Race and place : green collar jobs and the movement for economic democracy in Los Angeles and Cleveland
Author(s)Song, Lily Kyung Bin
Green collar jobs and the movement for economic democracy in Los Angeles and Cleveland
Massachusetts Institute of Technology. Dept. of Urban Studies and Planning.
J. Phillip Thompson.
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Faced with the problem of growing economic inequality in America and the threat posed to democracy, a number of planning scholars have put forth the idea of building progressive civil society capacity in the economic sphere to broaden stakeholder control and accountability of capitalist markets. Yet actual empirical accounts of community and civic organizations spearheading the task of framing and carrying out prescriptive economic programs, complete with alternative modes of production and exchange, have sparsely materialized. Moreover, the dominant planning perspective on the topic of building civil society to strengthen economic democracy views race as a secondary issue that may have cultural and political significance but is essentially a divisive mechanism that stymies the more important economic programs of class-based movements. In contrast, the theoretical framework underlying this study incorporates W.E.B. DuBois' notion of double consciousness along with Mikhail Bakhtin's formulations on dialogic exchange to explore how centralizing the perspectives and experiences of "racial others" might enhance critical reflection and dialogic exchange in civil society- led economic planning projects as to fortify progressive coalitions and direct their policy visions towards the deepest problems hindering democratic society. Focusing on the emerging energy efficiency sector and the green economy more generally within the context of the contemporary American city, I use two critical and emblematic cases-the Evergreen Cooperative Initiative in Cleveland and the Los Angeles Green Retrofit and Workforce Program- to build theory at the intersection of race, place, and economic democracy. Each case study is grounded in historical analysis that explores to what extent, in what ways, and how race played a role in managing the tensions and contradictions between capitalism and democracy at the local level. In turn, the case studies investigate the process by which progressive coalitions incorporated the experiences and perspectives of low-income inner city communities of color into their respective green economic and workforce development programs. At the substantive and normative level, my findings indicate that creating inclusive, transparent, but also flexible spaces for critical reflection and dialogic exchange are essential to building strong coalitions and forging policy visions that get at some of the core problems arising from privatistic urban policy and local economic development and form the stuff of economic democracy. Whether the initiation of such processes and ensuing economic projects occurs in a manner that is "top down" or "bottom up" might be less important to their transformative potential than the depth of critical analysis, reflective thinking, and mutual engagement in policy design and planning discourse. Where economic democracy is a perpetual process of becoming, it entails actors balancing the use of external resources with principles of self-determination and the achievement of project deliverables with leadership development and movement building goals. At the descriptive level, the cases demonstrate the limits of neoclassical economic theory along with its premises of rational choice theory and methodological individualism in explaining observed modes of economic action and local economic development. I incorporate insights from recent multidisciplinary studies on cooperative human behavior along with pragmatist action theory in posing an alternative analytical framework for explaining economic action.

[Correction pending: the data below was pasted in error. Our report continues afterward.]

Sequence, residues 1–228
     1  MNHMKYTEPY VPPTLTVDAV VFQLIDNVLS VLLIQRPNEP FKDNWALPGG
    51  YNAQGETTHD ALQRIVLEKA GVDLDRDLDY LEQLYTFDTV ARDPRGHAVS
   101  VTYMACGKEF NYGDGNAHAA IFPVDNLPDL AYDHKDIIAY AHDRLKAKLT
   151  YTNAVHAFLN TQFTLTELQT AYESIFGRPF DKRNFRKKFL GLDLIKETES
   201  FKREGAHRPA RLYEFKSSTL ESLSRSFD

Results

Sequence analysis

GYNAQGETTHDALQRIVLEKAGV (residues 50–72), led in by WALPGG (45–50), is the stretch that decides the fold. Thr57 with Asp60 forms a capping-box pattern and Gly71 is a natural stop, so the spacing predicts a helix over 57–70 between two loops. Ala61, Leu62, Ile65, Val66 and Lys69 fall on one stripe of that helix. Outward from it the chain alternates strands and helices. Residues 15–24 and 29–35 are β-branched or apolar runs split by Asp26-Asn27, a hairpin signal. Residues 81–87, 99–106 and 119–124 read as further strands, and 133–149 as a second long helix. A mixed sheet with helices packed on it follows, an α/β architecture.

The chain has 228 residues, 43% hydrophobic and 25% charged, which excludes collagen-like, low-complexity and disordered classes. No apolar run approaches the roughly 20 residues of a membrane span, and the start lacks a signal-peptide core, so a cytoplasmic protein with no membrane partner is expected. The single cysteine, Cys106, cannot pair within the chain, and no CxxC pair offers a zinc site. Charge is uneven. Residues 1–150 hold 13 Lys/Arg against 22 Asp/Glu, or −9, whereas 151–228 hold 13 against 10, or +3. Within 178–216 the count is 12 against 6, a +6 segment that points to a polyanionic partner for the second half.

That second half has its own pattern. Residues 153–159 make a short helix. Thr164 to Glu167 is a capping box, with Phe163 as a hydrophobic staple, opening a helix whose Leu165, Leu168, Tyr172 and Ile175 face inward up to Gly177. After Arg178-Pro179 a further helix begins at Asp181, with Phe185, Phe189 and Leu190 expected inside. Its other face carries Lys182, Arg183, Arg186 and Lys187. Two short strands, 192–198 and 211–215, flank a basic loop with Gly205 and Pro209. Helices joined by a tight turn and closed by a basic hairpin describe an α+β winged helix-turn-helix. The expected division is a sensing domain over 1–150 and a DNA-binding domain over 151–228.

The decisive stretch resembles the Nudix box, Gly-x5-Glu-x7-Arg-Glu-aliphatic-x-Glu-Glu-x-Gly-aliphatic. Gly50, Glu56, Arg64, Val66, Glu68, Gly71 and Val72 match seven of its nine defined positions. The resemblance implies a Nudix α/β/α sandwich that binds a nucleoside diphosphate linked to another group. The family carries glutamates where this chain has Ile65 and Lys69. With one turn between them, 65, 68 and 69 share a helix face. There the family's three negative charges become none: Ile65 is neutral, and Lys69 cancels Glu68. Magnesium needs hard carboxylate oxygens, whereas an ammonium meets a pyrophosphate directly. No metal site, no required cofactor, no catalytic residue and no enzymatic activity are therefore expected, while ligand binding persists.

Thesis (Ph. D.)--Massachusetts Institute of Technology, Dept. of Urban Studies and Planning, 2012.Cataloged from PDF version of thesis.Includes bibliographical references (p. 253-269).
DepartmentMassachusetts Institute of Technology. Dept. of Urban Studies and Planning.
Massachusetts Institute of Technology
Urban Studies and Planning.